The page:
The castling rules in Chess960 are (have to be) special. Check the following link for details:
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(32) Posted by Andrew Buchanan [Monday, May 11, 2020 13:05]; edited by Andrew Buchanan [20-06-08]

I thought we must have already found the longest Chess960 SPG, where all pieces are on their first and second ranks. But apparently not!

(= 16+16 )

(16+16) Chess 960 SPG
C+ Jacobi

Paradoxically for a Chess960 position, this is symmetrical. Normally since we don't know the starting position, we would have different line-ups for White and Black to force a common starting array. But not in this one! :-)
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(33) Posted by Siegfried Hornecker [Monday, Jun 1, 2020 16:46]; edited by Siegfried Hornecker [20-06-01]

(= 6+5 )
(version: (= 6+4 )
SH, Original
After Rafael Kofman
White retracts one move, then checkmates in exactly 2 moves.

White retracts 1.0-0 (Kf1, Rg1). Retracting this move, however, does not prove that the castling was actually a legal move, so White plays 1.0-0. Black has no defense against the checkmate next move, as by castling White proved that the king started on f1.

In the version, there is a try that fails only because retracting the castling wouldn't prove it is actually legal. But I think that is not how the Codex works anymore?
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(34) Posted by Andrew Buchanan [Tuesday, Jun 2, 2020 03:46]; edited by Andrew Buchanan [20-06-02]

Hi Siegfried,

Without examining your problem in detail, here's my understanding of the conventions. Let's put Chess960 down for a minute.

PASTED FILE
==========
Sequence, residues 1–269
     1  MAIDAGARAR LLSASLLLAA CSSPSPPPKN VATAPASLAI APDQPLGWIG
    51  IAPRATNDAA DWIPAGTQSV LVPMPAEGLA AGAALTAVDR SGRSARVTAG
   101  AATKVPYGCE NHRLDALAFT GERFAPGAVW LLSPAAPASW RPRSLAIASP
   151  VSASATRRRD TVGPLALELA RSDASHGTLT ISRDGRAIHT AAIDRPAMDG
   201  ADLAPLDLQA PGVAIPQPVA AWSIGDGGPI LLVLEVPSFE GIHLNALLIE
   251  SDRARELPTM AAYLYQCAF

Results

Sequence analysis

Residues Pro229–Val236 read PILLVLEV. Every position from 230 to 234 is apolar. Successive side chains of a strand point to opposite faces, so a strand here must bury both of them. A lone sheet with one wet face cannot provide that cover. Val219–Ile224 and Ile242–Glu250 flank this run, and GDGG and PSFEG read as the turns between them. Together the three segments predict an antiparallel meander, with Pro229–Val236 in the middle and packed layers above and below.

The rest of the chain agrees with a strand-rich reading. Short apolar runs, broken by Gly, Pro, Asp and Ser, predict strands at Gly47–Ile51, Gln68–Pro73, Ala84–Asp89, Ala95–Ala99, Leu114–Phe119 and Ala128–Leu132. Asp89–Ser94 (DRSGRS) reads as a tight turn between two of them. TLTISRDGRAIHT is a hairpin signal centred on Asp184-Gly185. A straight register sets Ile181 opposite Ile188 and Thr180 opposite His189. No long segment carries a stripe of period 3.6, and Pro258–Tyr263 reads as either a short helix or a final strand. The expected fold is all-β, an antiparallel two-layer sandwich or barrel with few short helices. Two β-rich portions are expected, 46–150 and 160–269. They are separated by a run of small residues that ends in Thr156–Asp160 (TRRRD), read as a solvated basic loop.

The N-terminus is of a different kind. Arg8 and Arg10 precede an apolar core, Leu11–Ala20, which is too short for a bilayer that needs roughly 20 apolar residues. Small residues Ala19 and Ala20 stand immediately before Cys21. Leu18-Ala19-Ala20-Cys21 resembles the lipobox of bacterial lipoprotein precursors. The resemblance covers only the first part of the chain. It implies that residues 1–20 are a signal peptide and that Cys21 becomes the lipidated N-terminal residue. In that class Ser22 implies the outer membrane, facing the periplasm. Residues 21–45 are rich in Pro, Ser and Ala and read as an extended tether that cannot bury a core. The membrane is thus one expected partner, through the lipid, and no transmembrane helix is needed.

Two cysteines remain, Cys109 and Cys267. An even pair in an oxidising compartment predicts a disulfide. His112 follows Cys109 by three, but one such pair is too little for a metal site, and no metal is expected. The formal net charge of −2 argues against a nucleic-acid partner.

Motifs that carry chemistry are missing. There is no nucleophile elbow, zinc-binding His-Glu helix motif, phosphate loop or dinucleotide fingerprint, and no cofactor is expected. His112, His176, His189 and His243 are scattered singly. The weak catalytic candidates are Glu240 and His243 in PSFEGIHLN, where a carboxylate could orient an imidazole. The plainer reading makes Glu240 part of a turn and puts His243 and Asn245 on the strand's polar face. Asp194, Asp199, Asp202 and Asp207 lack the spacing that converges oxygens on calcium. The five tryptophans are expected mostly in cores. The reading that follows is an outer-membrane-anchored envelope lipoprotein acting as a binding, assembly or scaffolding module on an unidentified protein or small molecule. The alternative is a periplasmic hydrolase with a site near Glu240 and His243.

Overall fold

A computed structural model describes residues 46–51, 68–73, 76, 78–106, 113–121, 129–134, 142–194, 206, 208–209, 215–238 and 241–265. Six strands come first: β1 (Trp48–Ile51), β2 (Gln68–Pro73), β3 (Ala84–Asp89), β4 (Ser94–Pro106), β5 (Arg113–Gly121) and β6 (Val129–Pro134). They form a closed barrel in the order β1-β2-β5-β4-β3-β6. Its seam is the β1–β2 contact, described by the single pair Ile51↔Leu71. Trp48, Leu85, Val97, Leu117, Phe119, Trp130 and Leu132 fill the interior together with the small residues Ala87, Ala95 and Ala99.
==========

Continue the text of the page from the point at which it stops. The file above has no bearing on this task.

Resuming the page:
(1) The castling & en passant conventions, covering the two orthodox classes of conditional moves, apply only to forward stipulations. Before applying them, you must squeeze all possible retro logic conclusions. The castling convention is "optimistic" - by default "yes you can"; while the en passant convention is "pessimistic" - unless you can prove the last move was the double hop "no you can't".

(2) In general retro problems (e.g. "Last move?") the conventions don't apply at all. You can only retract a move if you can prove that it is the unique possibility. This applies to both legal and conditional moves. If you prove that the last move was a certain conditional move, then the game state must have been such so that the move was playable.

(3) In retractors, *any* legal or conditional last move may be retracted, again without recourse to the conventions. If you choose to retract a conditional move, again the game state must have been such that the move was playable. E.g. you don't have to castle again in a forward direction to "prove it".

So how do these apply to castling in Chess960? There is no explicit mention of Chess960 in the Conventions yet. As earlier discussion in this forum explored, there are really *two* aspects of Chess960 castling game state:
(a) position of K & R in initial game array,
(b) whether these pieces moved earlier in the game.
In principle these should be treated differently, but in practice they are lumped together.

Let's see how they will be treated in the three cases listed above.